She started shouting, “His name’s Ewan, Dad.” Maya had not realised the time it took to answer him, fascinated by his purple face. She’d continued, “We’ve broken up now. He dumped me last week.”
“Well, why have you dropped out of school? I think this can be the start of you picking up your grades and re-focusing on your future,” responded Eggplant-dad, still shouting.
Maya looked across at her mum, her hand still resting on her chin, her mouth still so tight no wonder she hadn’t yet spoken.
“Um, well…..it’s kinda hard to say…” Maya’s voice trailed off.
“What is it, Maya-love? You know you can tell us anything.” Finally, her mother had spoken, but Maya doubted the words instantly.
“Whhhhhhhaaaaaaaat?” Eggplant-dad had been about to burst a vein. “Get out of this house now. Right this minute, pack a bag and go.” Maya had looked at her mother for support, but she’d turned the colour of wet cement, closed her eyes and her lips had moved as if in some kind of chant.
Maya had walked with slumped shoulders into her room, packed a few of her belongings, and left the house of her parents; she had walked straight to Charli’s home, known that she’d be welcomed there.
After two Christmases cocooned in the warmth and acceptance of Charli’s family, even Maya had known she could not stay there forever. She had left her town far behind her, found herself a job in Melbourne, and a place to live for her and her one-year-old boy, Jake.
By the time she had turned nineteen, Maya’s life resembled a seaside village, post-tsunami. She had no contact with her family, no chance of attaining her dream for her future. Trapped with a toddler in a one-bedroom box, she had learnt not to dwell on her plans for her future, before Ewan. She had not yet learnt to hold back her tears, nor her anger.
Maya’s job had been bone-chillingly boring but had some perks. Since Ewan had taken her virginity, she had learnt that sex was the most powerful method at her disposal. One of Maya’s favourite, eye-wandering customers, Steve, had looked like the path to her longed-for escape. Once or twice a week for many months, she’d left Jake sleeping in his cot, locked the front door of her flat, while they saw a movie, or sometimes had dinner at his house. The dates had always ended with disappointing jackrabbit sex. Despite the unpleasant sex, Maya had known that he was her way out. She’d lie beneath a sweaty, bouncy Steve and stare, glassy-eyed at the ceiling fan swirling around. He can take me out of this life. We can build a better life together. Nine years and two children later, Steve and Maya had settled. The sex had only mildly improved.
At twenty-eight years of age, Maya had been just as ill prepared for a sighting of Ewan as she had at sixteen. Standing with her eyes closed at the South Melbourne Markets while Steve went with Jake, Ruby and Nellie to “surprise” her with flowers, Maya had jumped with fright at the sound of him breathily whispering in her ear.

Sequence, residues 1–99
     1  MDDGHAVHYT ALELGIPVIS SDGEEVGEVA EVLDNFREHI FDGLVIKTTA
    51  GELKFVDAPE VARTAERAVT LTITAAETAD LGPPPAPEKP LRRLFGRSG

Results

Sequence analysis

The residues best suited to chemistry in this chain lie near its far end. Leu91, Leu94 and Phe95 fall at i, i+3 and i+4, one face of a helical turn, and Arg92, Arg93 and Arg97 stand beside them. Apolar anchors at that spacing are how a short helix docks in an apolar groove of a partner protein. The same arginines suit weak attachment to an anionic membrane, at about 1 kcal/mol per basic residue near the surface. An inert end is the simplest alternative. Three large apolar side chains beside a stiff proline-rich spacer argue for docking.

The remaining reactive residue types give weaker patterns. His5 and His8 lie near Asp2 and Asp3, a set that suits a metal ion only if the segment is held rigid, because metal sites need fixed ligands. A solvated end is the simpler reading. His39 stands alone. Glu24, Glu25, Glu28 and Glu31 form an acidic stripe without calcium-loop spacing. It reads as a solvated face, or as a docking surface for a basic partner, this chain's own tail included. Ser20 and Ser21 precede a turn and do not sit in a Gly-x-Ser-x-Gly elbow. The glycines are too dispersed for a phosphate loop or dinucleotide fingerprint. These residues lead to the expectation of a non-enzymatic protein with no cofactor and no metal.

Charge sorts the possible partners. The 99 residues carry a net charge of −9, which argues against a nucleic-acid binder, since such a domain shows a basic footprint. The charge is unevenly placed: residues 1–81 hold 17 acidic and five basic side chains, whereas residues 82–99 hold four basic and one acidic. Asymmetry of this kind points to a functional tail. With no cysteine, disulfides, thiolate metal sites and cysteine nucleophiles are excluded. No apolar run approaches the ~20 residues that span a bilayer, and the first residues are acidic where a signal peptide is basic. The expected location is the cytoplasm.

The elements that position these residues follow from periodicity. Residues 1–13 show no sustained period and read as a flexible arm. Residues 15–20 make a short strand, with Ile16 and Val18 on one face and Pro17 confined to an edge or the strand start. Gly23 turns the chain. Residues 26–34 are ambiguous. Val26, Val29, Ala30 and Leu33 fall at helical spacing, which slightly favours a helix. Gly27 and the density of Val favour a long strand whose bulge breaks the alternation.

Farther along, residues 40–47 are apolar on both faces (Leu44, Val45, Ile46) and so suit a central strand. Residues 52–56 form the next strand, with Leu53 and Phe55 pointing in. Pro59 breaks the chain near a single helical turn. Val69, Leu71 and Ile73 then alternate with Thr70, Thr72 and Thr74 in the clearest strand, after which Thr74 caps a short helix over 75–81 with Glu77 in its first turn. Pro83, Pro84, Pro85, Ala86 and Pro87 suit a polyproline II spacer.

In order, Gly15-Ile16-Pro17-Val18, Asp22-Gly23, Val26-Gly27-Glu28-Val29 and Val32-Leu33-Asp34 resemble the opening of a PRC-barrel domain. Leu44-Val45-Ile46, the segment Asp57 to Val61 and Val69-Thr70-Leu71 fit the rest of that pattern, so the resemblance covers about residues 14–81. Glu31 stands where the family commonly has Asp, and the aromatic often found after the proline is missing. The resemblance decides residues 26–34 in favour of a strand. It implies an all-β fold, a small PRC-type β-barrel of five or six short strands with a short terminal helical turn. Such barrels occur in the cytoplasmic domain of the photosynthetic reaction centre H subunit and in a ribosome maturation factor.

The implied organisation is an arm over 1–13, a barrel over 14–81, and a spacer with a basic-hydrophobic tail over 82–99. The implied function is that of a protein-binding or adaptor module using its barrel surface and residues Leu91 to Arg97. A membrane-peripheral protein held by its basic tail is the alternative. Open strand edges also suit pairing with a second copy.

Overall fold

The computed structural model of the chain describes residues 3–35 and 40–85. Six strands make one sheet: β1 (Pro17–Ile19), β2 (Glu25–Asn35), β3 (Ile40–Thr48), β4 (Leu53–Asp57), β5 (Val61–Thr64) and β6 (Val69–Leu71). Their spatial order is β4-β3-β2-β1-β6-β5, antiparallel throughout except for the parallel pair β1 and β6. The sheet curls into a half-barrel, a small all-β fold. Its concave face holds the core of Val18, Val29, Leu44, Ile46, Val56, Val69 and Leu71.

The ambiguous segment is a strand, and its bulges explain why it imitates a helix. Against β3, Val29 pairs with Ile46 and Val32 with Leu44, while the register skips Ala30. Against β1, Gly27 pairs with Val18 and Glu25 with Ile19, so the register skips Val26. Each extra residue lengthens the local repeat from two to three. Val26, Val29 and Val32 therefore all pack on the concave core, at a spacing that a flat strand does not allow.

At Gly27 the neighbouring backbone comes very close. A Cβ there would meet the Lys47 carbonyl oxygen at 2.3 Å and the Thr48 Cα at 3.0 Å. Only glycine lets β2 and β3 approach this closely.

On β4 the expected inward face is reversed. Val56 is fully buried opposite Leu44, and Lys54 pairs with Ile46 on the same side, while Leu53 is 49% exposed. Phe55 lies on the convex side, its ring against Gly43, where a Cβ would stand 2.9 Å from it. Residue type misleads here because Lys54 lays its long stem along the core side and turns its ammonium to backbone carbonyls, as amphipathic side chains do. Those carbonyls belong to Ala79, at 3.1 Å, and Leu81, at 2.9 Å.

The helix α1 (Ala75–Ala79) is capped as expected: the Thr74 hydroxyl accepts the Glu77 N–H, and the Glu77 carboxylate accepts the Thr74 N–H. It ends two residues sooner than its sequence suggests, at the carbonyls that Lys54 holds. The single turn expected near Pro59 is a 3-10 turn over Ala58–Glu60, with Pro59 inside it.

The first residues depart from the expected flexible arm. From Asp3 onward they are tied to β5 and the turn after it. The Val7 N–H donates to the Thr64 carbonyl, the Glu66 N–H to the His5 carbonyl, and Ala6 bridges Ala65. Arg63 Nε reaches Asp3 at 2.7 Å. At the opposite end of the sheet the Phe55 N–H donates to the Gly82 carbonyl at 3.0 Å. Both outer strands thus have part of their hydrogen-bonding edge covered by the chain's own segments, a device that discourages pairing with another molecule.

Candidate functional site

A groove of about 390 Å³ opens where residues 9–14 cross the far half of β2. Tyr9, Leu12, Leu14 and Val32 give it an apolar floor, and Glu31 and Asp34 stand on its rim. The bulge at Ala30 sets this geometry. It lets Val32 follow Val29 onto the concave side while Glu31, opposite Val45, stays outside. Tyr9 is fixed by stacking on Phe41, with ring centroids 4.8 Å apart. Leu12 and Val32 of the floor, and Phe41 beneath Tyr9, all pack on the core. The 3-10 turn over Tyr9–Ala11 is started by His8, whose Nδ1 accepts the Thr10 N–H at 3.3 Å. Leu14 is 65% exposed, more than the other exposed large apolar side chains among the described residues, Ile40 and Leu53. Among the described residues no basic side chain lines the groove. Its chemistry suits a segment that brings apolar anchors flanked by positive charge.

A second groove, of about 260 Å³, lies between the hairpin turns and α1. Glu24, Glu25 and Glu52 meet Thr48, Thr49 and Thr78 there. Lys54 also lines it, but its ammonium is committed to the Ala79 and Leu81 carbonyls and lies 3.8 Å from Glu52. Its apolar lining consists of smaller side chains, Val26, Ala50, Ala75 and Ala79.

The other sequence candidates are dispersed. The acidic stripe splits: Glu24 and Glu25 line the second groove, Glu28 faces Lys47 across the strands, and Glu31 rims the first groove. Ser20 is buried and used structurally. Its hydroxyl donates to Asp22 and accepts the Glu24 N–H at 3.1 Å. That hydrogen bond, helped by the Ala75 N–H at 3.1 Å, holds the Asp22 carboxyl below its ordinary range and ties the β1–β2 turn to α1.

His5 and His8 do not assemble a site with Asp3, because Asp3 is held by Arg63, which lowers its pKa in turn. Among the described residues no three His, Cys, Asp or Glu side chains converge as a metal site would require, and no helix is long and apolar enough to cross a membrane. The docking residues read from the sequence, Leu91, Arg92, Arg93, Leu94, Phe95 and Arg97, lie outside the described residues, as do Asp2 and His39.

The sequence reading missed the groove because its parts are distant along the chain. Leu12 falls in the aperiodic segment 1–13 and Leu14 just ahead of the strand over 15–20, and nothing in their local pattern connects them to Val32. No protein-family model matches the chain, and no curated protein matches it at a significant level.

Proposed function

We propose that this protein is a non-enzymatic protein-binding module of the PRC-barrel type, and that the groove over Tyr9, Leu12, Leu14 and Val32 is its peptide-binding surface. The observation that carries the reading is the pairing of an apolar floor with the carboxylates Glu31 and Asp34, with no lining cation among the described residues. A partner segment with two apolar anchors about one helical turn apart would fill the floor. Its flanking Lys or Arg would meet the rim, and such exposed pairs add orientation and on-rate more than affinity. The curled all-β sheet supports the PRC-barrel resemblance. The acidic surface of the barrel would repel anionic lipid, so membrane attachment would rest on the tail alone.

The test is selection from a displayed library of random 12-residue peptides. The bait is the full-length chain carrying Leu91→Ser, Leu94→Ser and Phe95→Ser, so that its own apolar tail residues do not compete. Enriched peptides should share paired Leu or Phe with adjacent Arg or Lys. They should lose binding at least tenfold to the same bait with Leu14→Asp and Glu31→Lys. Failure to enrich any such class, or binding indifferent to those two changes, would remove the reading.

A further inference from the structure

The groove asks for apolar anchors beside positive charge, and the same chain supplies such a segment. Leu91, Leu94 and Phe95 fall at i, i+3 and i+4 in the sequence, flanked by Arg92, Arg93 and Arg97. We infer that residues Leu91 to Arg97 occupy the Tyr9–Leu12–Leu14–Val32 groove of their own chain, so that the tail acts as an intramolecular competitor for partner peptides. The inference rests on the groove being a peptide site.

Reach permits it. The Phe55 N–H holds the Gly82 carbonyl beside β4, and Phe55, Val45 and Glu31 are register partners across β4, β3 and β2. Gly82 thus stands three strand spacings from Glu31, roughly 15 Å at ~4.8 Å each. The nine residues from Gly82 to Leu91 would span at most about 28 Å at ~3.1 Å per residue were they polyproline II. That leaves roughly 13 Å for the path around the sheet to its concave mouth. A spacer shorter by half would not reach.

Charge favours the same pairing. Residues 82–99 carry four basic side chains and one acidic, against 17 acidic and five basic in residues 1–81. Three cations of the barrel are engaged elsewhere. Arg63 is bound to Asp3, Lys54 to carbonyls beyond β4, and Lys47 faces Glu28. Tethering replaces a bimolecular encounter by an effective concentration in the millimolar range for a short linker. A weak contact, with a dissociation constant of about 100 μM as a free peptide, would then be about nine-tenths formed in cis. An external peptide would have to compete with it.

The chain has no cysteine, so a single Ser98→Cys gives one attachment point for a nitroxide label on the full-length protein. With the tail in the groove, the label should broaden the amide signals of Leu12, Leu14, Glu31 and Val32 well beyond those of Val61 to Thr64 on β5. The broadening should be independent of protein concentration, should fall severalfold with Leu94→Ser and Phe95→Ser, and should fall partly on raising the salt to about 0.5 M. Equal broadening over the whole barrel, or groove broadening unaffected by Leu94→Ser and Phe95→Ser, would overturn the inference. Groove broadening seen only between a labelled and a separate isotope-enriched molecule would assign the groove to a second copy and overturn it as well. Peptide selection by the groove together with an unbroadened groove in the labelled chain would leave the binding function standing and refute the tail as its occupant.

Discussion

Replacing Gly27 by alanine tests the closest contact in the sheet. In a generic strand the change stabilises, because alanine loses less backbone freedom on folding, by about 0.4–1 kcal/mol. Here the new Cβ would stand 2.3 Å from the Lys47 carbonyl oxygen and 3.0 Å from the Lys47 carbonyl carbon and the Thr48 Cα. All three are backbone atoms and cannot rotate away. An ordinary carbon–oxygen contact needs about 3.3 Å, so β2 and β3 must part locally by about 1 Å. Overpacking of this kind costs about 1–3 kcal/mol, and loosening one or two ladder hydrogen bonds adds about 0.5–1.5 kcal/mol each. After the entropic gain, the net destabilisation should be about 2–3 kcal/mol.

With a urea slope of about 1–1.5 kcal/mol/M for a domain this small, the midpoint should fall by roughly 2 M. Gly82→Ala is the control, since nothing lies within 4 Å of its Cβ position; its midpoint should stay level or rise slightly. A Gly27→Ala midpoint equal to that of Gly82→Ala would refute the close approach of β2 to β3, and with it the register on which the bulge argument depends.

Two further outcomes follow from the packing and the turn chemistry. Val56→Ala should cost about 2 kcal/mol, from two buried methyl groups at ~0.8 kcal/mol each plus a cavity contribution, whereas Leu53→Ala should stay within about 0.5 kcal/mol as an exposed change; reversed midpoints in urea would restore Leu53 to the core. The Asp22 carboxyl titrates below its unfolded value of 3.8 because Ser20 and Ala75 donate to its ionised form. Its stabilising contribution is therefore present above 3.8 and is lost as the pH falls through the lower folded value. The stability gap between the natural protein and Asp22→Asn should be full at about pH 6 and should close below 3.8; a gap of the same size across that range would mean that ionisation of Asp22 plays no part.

“Well, lookie’ere. Haven’t the yeerz bin kind to ya?” Ewan had purred. She had known his voice instantly. Her eyes had shot open, darted around to check the whereabouts of her family. “Yer, they’re alright, truz me. Off buyin’ some fruit….the flowers’re for you?” he had sneered, narrowed his eyes. Maya had felt suddenly chilled, as if melting ice had oozed from her head down. Why had he known so much about her family?
“Ewan, hi. How are you?” Maya had chosen to ignore the tangible creepiness.
“Yer, great. How’s me kid? Whaz iz name?…..James, John, Ja…?”
“Jake.” Maya had snapped. Quickly, too easily the sudden chill had turned to white-hot rage. Fuck it. Fuck him! What does he want with Jake now? She had felt herself turn red. “What the fuck are you playing at Ewan? What do you want?” she had growled through gritted teeth.
“Nothin’ at all. Juz messin’ with yer head,” Ewan had mumbled through an empty grin.
“Right. Good. Then I’ll be off.” Maya had erratically scuttled in search of her family, desperate to get away from Ewan. She had hated herself for thinking he was still good looking. No one had ever understood what she felt for Ewan, not even her.
A week later, Maya had not stopped thinking about Ewan. Sitting in her local cafe, had been enjoying a latte while reading the newspaper. She’d noticed the headline in the Herald Sun newspaper: “Car inferno claims driver and passenger.” She had glanced through the article with little interest. It seemed another drunken idiot had crashed while driving too fast. Her eyes had widened with disbelief when she read the name Ewan Bottrick, identified as the driver of the vehicle. She had immediately burst into tears, all her broken dreams, all her repression burst like a broken fire hydrant gushing water onto the street. She had not been concerned that all eyes in the cafe had turned her way, wondering what had caused such a scene.
* * * *
Back at the kitchen sink, her children still fighting, Maya shook herself out of her reverie. She knew she needed help over this. She thought about how her life went wrong. It all started with meeting Ewan Bottrick and now he’s dead. She knew she never worked through any of her problems, her parents throwing her out like garbage on bin night, her relationship with Steve. Her rush to anger, to speak, to fuck, screwed up her plans for her life. It was time to start pressing pause.